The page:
From: Dictionary of American Naval Fighting Ships


(AM-149: dp. 650; 1. 184'6"; b 33'0"; dr. 9'9"; s. 14.8 k.; cpl. 104; a. 1 3", 4 40mm.; cl. Admirable)

Augury (AM-149) was laid down on 7 December 1942 at Tampa, Fla., by the Tampa Shipbuilding Co., Inc., launched on 23 February 1943; sponsored by Mrs. Helen K. McLean, and commissioned on 17 March 1943, Lt. A. G. Wood, USNR, in command.

After fitting out, Augury completed shakedown training out of Little Creek, Va., during the month between 8 April and 8 May 1943. On 10 May, she got underway as part of the escort for a convoy bound for the west coast. She and her charges arrived in the Canal Zone on 19 May, transited the Panama Canal soon thereafter, and continued on up the western coast of North America. The minesweeper entered port at San Francisco, Calif.

On 2 June and remained there until the 22d. Resuming her journey on the latter day, she shaped a course for Alaskan waters. Augury arrived at Kodiak, Alaska, on 29 June and reported for duty with Task Force (TF) 91. For the remainder of her career with the United States Navy, the minesweeper plied the waters surrounding the Aleutian Islands escorting ships between such ports as Kodiak, Dutch Harbor, Adak, Amchitka, Attu, Shemya Island, and Chernofski and conducted minesweeping operations in the bays, inlets, and passes along the archipelago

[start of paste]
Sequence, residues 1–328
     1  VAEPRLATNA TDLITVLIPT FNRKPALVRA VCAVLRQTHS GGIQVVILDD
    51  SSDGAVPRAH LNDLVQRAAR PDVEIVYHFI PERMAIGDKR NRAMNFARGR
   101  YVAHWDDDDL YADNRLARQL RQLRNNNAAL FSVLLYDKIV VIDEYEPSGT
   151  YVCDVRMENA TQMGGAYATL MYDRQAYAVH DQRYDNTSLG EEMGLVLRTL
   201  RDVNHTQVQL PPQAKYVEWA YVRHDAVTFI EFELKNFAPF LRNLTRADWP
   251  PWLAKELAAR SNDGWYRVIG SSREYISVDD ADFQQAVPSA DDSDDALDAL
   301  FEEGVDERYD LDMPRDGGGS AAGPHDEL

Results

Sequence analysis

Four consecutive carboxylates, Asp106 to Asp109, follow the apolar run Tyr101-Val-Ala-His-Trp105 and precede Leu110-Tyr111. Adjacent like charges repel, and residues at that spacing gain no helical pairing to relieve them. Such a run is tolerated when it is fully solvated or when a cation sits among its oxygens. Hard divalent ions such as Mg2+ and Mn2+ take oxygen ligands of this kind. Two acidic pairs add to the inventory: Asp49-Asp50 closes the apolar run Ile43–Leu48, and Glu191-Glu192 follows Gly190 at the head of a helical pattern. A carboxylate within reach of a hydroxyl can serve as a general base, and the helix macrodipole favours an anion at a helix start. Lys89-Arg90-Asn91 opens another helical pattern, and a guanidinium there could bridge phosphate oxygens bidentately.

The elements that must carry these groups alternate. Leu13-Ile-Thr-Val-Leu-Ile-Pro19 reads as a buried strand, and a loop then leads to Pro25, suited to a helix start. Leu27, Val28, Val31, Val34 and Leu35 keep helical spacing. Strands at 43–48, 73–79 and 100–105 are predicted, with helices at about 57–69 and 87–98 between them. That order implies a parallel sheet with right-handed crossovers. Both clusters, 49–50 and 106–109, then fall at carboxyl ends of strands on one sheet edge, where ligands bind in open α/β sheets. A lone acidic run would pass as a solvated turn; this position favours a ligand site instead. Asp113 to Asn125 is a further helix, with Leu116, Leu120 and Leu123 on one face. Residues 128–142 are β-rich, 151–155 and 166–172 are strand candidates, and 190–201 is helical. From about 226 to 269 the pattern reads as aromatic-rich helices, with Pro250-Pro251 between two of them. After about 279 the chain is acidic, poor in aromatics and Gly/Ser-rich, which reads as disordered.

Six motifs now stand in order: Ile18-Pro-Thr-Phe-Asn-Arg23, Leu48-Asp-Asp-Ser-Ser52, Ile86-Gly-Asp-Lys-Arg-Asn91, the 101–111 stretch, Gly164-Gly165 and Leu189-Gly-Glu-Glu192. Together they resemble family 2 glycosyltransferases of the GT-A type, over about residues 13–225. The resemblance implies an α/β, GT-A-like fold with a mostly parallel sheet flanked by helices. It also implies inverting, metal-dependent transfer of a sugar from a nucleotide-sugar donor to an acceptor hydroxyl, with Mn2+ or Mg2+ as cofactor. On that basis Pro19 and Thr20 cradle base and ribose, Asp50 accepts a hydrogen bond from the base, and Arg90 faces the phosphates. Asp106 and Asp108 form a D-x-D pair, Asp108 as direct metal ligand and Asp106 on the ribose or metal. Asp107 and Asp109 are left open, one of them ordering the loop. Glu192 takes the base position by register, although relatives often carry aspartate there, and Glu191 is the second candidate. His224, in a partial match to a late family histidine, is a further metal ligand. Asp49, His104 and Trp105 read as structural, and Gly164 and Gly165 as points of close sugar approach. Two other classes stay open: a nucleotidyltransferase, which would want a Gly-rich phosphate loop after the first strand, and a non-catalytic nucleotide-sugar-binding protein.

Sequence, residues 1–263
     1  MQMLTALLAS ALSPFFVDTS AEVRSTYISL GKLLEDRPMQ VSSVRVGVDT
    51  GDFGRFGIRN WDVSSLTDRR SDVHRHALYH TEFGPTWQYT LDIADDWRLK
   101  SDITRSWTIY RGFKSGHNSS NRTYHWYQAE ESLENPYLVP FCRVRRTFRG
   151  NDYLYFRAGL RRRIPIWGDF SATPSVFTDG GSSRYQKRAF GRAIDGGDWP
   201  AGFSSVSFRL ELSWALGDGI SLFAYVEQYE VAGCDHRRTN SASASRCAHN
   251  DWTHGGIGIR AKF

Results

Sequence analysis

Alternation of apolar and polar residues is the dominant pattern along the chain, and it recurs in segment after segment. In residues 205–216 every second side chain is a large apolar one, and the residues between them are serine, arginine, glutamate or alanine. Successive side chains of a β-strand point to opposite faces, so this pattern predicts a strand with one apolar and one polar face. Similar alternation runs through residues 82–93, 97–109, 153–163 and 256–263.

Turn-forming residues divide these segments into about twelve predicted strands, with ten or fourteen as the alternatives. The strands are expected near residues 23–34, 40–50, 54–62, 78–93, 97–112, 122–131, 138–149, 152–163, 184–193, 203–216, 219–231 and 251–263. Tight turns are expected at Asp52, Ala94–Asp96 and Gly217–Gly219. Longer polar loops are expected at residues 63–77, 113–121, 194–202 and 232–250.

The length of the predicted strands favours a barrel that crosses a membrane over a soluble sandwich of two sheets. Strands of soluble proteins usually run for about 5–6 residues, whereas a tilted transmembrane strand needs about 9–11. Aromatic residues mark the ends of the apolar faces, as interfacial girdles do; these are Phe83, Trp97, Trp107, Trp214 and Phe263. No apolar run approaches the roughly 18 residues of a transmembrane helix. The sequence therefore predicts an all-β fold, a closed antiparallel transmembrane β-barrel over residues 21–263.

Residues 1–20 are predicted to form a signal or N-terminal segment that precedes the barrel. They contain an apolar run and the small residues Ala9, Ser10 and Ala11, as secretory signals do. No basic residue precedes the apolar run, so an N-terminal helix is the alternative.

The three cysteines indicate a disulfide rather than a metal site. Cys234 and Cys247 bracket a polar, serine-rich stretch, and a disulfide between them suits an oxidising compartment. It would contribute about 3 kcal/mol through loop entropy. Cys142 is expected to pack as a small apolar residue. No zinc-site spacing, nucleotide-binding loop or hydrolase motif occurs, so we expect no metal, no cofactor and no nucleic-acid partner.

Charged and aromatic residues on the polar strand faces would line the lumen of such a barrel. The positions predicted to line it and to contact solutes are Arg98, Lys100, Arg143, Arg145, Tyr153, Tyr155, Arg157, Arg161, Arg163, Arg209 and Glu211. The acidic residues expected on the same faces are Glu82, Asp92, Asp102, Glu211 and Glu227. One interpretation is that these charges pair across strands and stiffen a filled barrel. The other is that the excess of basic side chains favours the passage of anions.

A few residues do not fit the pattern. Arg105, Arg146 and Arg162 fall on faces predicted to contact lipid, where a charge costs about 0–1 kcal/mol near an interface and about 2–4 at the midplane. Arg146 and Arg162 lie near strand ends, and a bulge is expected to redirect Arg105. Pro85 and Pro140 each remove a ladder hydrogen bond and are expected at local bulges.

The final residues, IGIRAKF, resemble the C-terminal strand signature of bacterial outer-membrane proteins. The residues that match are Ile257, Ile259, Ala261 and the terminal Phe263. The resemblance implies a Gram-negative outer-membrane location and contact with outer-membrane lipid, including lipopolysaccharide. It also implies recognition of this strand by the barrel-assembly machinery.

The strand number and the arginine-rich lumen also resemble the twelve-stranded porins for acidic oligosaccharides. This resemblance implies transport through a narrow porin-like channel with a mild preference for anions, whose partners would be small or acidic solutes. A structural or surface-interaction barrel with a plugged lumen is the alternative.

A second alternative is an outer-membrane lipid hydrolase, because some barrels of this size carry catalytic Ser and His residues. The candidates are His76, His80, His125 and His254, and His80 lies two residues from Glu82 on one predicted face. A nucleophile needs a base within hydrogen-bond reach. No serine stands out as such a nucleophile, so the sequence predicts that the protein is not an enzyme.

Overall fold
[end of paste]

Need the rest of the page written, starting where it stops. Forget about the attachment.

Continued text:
On 23 June 1945, Augury began four weeks of familiarization training for a crew of Russians in preparation for the warship's transfer to the Soviet Union. On 18 July 1945, Augury was decommissioned and simultaneously transferred to the Soviet Navy under the terms of the lend-lease program. Commissioned as T-524, she was retained by the Soviet Union indefinitely. Her name was finally struck from the Navy list on 1 January 1983.